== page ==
Oocyte development in the mammalian ovary requires productive interactions with somatic granulosa cells of the ovarian follicle. Proliferating granulosa cells support the progression of follicular growth and maturation, multiplying dramatically as it unfolds. The cell cycle recruitment of granulosa cells is regulated at least in part by hormones such as follicle-stimulating hormone (FSH) and estrogen. Follicles recruited into the growth phase following formation of multiple layers of granulosa cells have two major fates: either to continue proliferation followed by differentiation, or to die by programmed cell death, or atresia. While many of the signaling pathways orchestrating ovarian follicle development are known, the downstream transcriptional regulators that integrate such signals in the mammalian ovary remain to be defined. Recent experiments in diverse organisms have revealed multiple instances of gonad-selective components of the basal transcriptional machinery. One such protein, TAF4b, is a gonadal-enriched coactivator subunit of the TFIID complex required for normal female fertility in the mouse. To determine the etiology of female infertility of the TAF4b-deficient mice, we have determined multiple functions of TAF4b during postnatal ovarian follicle development. Here we demonstrate that the TAF4b protein is expressed in the granulosa cell compartment of the mammalian ovarian follicle. Furthermore, TAF4b-deficient mouse ovaries contain reduced numbers of primordial as well as growing follicles and a concomitant increased proportion of apoptotic follicles in comparison to wild type counterparts. Importantly, TAF4b-null follicles are largely resistant to induction of proliferation in response to multiple hormonal stimuli including estrogen and FSH and demonstrate compromised granulosa cell survival. Together, these data suggest that TAF4b integrates a program of granulosa cell gene expression required for normal ovarian follicle survival and proliferation in response to diverse ovarian signaling events.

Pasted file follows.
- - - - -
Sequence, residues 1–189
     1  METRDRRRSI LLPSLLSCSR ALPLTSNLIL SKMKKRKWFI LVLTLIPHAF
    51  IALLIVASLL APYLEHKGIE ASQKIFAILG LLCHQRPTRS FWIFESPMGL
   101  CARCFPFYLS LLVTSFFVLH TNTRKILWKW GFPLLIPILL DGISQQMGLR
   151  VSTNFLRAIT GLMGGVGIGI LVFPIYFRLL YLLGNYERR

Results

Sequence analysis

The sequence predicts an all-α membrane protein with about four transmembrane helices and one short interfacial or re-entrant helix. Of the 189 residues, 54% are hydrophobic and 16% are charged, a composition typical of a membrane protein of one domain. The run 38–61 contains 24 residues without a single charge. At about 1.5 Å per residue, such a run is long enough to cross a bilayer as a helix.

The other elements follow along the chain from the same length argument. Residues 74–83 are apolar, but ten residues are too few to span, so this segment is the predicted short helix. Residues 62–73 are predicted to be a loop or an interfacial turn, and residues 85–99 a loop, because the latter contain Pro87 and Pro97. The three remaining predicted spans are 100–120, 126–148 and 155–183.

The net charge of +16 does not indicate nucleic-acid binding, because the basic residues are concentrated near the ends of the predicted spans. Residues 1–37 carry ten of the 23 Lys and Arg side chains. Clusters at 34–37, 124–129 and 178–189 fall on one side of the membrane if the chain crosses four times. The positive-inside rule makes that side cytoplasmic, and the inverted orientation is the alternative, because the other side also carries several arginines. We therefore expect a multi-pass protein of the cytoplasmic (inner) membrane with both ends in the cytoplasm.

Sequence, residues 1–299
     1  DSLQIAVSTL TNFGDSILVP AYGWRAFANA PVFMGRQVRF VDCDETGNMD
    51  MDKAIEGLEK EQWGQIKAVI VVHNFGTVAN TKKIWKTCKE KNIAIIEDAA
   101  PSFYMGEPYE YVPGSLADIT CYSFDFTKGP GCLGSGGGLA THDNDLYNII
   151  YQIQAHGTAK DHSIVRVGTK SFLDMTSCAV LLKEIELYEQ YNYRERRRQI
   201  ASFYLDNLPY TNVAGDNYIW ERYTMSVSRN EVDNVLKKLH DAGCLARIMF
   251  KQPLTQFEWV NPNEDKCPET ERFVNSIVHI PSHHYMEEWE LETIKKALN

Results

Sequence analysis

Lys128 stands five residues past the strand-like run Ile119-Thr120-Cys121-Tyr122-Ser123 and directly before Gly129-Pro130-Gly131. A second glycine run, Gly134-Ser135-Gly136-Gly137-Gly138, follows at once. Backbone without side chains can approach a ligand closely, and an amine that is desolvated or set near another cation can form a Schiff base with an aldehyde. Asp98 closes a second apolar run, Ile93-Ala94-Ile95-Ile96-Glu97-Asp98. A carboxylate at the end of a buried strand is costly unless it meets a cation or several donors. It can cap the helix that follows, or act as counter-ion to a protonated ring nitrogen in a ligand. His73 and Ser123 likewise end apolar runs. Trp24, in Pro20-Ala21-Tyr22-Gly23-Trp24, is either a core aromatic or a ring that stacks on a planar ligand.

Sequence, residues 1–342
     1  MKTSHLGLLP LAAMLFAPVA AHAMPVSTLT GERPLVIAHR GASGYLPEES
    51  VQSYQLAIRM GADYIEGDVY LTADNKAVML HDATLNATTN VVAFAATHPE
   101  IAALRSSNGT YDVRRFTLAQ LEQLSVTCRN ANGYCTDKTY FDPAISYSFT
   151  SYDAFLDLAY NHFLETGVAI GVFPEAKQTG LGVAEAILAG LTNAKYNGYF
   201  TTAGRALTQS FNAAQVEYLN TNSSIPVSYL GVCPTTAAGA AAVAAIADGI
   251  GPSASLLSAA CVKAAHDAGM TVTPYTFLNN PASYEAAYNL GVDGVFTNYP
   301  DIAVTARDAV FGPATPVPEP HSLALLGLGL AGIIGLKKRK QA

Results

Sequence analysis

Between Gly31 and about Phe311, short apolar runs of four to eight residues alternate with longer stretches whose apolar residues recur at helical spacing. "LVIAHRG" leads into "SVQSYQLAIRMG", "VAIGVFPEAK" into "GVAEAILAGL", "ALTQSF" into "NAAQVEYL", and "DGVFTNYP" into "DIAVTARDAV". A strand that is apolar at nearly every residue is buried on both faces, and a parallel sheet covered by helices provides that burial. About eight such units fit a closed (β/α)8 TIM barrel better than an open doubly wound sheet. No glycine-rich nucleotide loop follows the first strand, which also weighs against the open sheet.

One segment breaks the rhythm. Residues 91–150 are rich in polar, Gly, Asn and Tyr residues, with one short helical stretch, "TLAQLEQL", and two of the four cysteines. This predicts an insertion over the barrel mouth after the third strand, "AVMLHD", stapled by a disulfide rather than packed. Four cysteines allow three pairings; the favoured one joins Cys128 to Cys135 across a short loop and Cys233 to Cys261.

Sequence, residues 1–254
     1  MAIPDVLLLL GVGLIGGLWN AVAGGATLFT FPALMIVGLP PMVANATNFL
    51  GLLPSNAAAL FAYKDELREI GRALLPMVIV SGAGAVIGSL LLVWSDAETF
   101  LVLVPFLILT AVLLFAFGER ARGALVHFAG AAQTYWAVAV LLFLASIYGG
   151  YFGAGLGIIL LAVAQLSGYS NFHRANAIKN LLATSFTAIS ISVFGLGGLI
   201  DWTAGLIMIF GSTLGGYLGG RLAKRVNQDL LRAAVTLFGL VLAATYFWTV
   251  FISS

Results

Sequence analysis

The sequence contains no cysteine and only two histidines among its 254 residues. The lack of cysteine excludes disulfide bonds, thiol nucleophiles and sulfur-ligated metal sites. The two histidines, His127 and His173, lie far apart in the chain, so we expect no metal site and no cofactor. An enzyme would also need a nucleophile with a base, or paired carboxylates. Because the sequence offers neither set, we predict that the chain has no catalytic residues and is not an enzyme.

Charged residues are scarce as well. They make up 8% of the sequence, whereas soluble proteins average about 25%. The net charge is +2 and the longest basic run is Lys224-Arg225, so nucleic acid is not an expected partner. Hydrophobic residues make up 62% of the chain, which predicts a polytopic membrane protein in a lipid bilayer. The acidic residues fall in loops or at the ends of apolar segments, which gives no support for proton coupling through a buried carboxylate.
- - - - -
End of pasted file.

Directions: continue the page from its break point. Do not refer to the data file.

- Granulosa cells